Tuesday, August 26, 2014

Believer's Works Esteemed Righteous by God's Grace

"A more fruitful result follows; because, when God regenerates his elect, he inscribes a law on their hearts and in their inward parts, as we have elsewhere seen, and shall see again in the thirty-sixth chapter. (Jeremiah 31:33; Ezekiel 36:26, 27.) But the difficulty is not yet solved; because the faithful, even if regenerated by God's Spirit, endeavor to conform themselves to God's law, yet, through their own weakness, never arrive at that point, and so are never righteous: I answer, although the righteousness of works is mutilated in the sons of God, yet it is acknowledged as perfect, since, by not imputing their sins to them, he proves what is his own. Hence it happens, that although the faithful fall back, wander, and sometimes fall, yet they may be called observers of the law, and walkers in the commandments of God, and observers of his righteousness. But this arises from gratuitous imputation, and hence also its reward. The works of the faithful are not without reward, because they please God, and pleasing God, they are sure of remuneration. We see, then, how these things are rightly united, that no one obeys the law, and that no one is worthy of the fruits of righteousness, and yet that God, of his own liberality, acknowledges as just those who aspire to righteousness, and repay them with a reward of which they are unworthy. When, therefore, we say that the faithful are esteemed just even in their deeds, this is not stated as a cause of their salvation, and we must diligently notice that the cause of salvation is excluded from this doctrine; for, when we discuss the cause, we must look nowhere else but to the mercy of God, and there we must stop. But although works tend in no way to the cause of justification, yet, when the elect sons of God were justified freely by faith, at the same time their works are esteemed righteous by the same gratuitous liberality.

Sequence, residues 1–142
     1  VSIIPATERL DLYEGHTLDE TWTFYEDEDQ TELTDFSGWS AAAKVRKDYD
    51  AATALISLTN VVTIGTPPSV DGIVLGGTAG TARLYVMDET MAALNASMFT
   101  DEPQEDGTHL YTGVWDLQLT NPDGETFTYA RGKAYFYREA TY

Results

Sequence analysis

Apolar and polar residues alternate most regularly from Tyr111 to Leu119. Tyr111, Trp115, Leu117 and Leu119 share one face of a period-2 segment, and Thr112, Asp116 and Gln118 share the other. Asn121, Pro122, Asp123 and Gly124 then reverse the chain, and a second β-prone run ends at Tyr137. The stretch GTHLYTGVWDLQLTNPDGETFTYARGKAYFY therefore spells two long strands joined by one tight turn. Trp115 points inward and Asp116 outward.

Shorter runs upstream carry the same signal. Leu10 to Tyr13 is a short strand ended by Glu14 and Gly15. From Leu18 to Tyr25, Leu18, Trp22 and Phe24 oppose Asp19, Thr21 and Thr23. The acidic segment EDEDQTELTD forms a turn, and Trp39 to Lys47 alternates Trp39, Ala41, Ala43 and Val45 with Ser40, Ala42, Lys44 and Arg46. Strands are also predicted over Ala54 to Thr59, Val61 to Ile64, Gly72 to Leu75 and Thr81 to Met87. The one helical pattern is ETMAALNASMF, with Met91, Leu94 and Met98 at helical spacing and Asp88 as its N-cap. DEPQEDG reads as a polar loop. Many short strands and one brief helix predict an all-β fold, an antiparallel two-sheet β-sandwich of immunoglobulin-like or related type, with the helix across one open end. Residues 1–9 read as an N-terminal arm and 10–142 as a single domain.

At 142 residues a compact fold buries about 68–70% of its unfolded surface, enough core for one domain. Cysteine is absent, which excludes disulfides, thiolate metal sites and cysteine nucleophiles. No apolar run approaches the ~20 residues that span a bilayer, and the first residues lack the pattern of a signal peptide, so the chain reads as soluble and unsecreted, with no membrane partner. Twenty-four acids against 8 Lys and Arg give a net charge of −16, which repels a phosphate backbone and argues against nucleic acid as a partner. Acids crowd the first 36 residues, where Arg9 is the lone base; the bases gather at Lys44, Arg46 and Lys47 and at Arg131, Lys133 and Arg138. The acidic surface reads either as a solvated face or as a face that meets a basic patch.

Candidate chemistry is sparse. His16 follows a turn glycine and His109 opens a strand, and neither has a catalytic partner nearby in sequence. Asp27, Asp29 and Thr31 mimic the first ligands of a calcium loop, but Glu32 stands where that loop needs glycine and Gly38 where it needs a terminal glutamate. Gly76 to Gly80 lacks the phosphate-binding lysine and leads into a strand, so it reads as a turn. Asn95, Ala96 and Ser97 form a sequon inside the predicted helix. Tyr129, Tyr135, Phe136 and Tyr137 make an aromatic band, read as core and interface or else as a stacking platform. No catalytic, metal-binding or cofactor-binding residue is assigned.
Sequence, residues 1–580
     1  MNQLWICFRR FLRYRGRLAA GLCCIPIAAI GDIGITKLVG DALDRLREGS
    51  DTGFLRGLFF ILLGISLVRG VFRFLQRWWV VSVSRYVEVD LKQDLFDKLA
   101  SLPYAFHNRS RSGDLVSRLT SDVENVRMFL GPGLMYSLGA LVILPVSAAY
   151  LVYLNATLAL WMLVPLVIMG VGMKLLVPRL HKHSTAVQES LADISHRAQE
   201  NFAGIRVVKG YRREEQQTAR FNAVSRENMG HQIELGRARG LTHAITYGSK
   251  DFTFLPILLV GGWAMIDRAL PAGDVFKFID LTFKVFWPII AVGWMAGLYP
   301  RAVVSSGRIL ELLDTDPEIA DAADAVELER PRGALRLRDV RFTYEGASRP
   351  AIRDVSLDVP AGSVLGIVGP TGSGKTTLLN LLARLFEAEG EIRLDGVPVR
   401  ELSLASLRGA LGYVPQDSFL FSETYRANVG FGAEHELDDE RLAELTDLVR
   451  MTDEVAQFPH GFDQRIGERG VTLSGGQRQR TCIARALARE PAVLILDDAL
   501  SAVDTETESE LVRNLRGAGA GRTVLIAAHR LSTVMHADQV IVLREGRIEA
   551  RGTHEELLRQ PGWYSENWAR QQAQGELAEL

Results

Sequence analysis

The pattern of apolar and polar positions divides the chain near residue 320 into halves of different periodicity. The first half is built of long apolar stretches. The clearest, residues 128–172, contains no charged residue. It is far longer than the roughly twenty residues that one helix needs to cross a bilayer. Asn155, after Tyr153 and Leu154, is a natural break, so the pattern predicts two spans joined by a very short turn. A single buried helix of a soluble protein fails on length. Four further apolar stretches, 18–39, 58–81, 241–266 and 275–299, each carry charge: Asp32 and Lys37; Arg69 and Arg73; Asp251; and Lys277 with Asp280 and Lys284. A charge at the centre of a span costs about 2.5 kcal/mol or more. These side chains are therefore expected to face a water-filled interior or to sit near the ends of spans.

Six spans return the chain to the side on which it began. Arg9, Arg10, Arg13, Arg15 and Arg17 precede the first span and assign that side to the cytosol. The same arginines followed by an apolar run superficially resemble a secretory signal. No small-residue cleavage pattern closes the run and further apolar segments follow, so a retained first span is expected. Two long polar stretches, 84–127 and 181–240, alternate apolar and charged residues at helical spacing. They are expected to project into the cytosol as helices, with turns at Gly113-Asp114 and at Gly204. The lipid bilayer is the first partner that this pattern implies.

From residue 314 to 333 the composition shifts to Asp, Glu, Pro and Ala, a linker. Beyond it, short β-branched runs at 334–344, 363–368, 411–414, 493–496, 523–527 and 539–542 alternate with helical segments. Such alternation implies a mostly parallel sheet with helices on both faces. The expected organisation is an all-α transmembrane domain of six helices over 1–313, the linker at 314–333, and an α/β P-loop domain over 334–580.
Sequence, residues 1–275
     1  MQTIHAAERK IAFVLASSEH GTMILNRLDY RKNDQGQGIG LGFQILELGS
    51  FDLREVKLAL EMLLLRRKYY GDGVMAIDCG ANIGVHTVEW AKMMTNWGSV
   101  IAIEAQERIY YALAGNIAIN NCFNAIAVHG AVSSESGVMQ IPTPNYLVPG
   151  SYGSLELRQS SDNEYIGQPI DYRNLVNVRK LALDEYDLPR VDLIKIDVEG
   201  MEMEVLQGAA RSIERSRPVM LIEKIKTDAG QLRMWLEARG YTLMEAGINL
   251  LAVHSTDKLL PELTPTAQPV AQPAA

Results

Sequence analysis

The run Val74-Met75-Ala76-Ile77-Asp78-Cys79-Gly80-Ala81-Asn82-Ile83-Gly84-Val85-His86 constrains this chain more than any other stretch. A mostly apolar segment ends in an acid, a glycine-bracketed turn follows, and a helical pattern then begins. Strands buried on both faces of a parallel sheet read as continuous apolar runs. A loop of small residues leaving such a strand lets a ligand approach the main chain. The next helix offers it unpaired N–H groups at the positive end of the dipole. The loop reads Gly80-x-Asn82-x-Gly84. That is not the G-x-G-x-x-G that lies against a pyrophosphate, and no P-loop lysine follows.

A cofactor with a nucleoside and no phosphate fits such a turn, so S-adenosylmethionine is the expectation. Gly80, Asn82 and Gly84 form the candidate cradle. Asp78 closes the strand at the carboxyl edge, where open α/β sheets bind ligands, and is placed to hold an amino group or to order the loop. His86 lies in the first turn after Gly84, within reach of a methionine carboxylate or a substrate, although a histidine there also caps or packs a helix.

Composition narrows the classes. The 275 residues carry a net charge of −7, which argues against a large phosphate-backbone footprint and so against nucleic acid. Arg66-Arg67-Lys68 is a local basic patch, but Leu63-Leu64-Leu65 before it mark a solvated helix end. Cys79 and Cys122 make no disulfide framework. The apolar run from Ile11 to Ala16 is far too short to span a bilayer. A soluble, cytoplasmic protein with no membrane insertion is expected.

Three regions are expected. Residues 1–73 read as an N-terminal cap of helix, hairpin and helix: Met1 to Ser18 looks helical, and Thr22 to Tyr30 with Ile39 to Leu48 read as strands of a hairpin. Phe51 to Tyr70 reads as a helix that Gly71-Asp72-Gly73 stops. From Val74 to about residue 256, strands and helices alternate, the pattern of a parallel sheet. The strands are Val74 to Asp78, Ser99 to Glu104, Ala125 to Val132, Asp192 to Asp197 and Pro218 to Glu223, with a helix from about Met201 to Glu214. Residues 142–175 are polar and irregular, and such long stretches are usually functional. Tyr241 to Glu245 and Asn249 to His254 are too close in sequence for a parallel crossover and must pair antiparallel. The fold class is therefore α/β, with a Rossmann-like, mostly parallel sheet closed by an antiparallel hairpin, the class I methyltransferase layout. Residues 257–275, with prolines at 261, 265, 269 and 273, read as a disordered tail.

John Calvin, Commentary on Ezekiel 18:17

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